It’s crazy how much can change in a year. Last year I was squeezing in a trip to the Unplugged stage at the Harbert Plaza between lunch and traveling out to the city’s west side to go to meeting (while I was still on crutches mind you) as City Stages 18 was just getting started.
One year later I’m healthy but sleep deprived and figuring out just when I’m going to find time to actually buy my ticket to what was once referred to as Birmingham’s block party. I’m going this year, more out of sentimentality than anything else, but also because of this site:
It’s my first attempt to do a “special section” in The Terminal, and it’s sort of a test to see if viral marketing can in fact work. There are some other things that are about to happen that aren’t that viral, but this is a test to see if a site can make even a small difference in a conversation. Pass it on if you have a chance. Or at least check it out yourself.
I realize now that when I started blogging I did it so that my voice could be heard. I also realize that most that blog have something to complain about, thus it provides a great platform since you get instant feedback and a chance to argue your own point. My problem is that I always want to try to provide something positive (or sarcastic to cut down on the cynicism). Makes it a little difficult.
I realized months ago when City Stages began asking for help, I was thinking about the old days as an outsider. I was told recently that I probably shouldn’t consider myself one, but knowing the ways of the South, I will be for some time. I still approached it as someone that sees the potential of a festival like it being “fixed” and “saved”. I also realized that I wasn’t taking that positive approach in part because I was thinking about what my future was going to be. Now that I’ve had a chance to have some things slow down, I realized that I was not necessarily around all sides of an issue like I normally try to be. Now, I’ve got some thoughts:
Shutting it down and trying to make an existing festival into something its not is pointless. I’ve learned that and a few other things through this and other festivals. City Stages is resistant to change. Many people are so tired of beating their drum on the issue that they wear persistent “reluctance because of change not being successful” expressions on their faces. But change will help more than trying to recreate the wheel or force it on something that won’t fit.
What Guy McCullough wrote to Black & White in response to Chuck Geiss’ editorial was not answering the question of buzz at all. It does take advertising to generate buzz, but he missed out on the opportunities to express what type of buzz was being generated. So I will also disagree with what the editorial staff wrote in their note though; there is a buzz, it’s just not what anyone wants to admit since it affects both sides.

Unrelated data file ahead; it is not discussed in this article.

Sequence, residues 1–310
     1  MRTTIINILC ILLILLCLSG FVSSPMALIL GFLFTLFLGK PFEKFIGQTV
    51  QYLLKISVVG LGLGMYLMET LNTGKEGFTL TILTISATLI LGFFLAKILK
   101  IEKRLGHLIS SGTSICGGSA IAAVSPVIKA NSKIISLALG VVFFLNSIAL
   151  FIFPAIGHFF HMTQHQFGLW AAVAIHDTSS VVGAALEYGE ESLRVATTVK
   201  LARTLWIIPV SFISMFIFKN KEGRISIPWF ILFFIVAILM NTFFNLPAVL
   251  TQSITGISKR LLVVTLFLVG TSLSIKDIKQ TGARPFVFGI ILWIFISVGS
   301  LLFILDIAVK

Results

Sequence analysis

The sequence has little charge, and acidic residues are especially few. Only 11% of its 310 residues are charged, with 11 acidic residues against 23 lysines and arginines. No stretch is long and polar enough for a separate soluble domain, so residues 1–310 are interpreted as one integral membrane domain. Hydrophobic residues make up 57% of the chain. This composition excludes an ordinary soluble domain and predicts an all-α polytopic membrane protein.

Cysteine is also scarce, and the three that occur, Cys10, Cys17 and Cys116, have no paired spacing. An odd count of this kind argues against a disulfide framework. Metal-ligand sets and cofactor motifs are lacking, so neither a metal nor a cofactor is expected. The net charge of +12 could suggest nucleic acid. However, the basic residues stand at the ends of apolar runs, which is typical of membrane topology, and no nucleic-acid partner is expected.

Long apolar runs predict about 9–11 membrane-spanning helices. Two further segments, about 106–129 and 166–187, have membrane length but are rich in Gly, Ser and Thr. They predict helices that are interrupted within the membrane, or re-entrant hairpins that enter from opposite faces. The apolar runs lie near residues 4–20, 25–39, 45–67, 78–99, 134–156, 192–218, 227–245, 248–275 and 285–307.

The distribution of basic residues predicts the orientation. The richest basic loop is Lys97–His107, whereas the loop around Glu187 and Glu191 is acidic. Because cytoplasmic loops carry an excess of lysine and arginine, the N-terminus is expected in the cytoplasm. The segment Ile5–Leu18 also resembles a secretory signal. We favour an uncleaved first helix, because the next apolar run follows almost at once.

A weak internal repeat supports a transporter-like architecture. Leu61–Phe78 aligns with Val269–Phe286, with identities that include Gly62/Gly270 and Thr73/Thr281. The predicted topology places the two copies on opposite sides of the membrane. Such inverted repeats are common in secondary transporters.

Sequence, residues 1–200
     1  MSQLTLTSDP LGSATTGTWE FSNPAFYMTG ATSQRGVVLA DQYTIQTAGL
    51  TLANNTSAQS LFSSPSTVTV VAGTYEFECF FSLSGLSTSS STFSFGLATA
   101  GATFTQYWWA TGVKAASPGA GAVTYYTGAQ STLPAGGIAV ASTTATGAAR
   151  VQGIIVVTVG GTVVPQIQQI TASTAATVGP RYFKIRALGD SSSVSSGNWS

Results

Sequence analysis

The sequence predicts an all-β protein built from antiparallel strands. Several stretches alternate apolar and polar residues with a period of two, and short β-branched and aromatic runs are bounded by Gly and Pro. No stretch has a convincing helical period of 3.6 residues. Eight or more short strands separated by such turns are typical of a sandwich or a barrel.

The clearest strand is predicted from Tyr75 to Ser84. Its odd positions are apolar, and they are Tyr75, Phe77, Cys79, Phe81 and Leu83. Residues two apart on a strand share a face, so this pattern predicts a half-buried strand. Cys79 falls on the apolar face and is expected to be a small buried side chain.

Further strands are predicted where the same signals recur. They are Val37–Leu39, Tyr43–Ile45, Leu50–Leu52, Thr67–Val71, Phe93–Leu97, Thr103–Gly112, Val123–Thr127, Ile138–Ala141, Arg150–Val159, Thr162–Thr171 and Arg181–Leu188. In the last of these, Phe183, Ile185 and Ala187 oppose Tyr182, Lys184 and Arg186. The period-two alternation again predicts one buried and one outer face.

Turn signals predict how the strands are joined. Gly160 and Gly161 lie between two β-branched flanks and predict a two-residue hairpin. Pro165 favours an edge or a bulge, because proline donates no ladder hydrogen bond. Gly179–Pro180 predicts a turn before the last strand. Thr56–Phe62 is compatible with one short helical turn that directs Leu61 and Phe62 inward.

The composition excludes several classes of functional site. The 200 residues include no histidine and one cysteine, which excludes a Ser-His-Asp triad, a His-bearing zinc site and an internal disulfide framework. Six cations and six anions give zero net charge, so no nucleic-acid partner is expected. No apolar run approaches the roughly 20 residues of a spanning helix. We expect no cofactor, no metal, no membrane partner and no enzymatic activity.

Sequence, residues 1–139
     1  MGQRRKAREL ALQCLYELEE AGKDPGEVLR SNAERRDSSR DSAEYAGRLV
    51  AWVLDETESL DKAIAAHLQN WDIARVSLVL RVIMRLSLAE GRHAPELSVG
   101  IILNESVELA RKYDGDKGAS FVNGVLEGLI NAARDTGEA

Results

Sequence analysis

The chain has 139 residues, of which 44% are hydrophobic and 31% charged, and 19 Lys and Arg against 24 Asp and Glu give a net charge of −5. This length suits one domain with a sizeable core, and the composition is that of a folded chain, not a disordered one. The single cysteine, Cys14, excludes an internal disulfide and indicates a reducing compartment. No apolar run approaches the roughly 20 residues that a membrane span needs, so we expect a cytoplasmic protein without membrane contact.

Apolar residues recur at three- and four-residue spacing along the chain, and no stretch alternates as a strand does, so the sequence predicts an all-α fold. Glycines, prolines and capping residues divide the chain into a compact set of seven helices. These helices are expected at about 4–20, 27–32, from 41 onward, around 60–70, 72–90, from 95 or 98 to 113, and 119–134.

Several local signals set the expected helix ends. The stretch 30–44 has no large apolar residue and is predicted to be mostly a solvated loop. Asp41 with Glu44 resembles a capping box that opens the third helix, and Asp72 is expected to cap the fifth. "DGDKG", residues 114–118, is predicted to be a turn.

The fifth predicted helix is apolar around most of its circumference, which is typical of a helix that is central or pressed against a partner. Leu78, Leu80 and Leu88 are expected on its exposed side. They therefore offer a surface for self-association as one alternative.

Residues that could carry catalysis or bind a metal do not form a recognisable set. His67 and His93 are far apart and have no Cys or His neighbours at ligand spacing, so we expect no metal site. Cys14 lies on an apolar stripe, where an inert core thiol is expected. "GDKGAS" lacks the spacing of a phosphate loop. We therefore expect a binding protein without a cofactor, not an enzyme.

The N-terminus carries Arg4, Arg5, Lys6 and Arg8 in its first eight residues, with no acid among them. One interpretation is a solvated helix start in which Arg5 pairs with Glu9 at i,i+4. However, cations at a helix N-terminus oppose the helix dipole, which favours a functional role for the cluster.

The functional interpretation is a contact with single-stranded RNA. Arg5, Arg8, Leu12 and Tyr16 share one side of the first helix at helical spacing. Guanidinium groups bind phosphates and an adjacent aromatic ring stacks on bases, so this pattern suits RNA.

It’s a question of deciding to make changes and remember that you can’t sell the event to Birmingham as their own and say that we’re not competing with Bonnaroo (among others) and then point out all of the buzz outside of the market. They stuck the story on the front page of the paper. I’ve put up an online guide; people have written about either how awful the event is going to be or how much they’re looking forward to it. And you decided to put a playful cover on the front that suggests that the gloves are off. It’s not the buzz that the B&W or CS is used to creating, but there is a buzz. It will be interesting to see if this buzz does generate traffic for the festival since it is not necessarily positive or negative when considered as a whole.
For every person that said the festival was over, there was someone else online that said that they couldn’t wait to go. I even ran into someone last night that was upset that they couldn’t go because they’d booked tickets to go out of town without realizing that the dates he’d chosen were for this weekend. That was after talking to someone else who said that they would never go again.
If I hadn’t done the research for the site, I really doubt I’d be going myself this year. I mentioned the other day in an editorial on other site that I’m basically interested in finding new music and sometimes that means going outside of your comfort zone. At first glance the festival list was largely unknowns, and then it dawned on me – as long as I’ve been coming at least half of the acts have been unknown to me.
I’m probably oversimplifying things, but maybe the reluctant “it can’t be done or really fixed attitude” needs to change (though Chuck did point out some great points about simple things that could be fixed inexpensively). It could be because I haven’t had any sleep yet.
Some folks want to see them “learn their lesson,” but how? I figure I’ve got a couple of suggestions for the people in charge. They’re all set and ready to be posted…
But that’s for later on this weekend. Enjoy it wherever you are!
and Happy Father’s Day!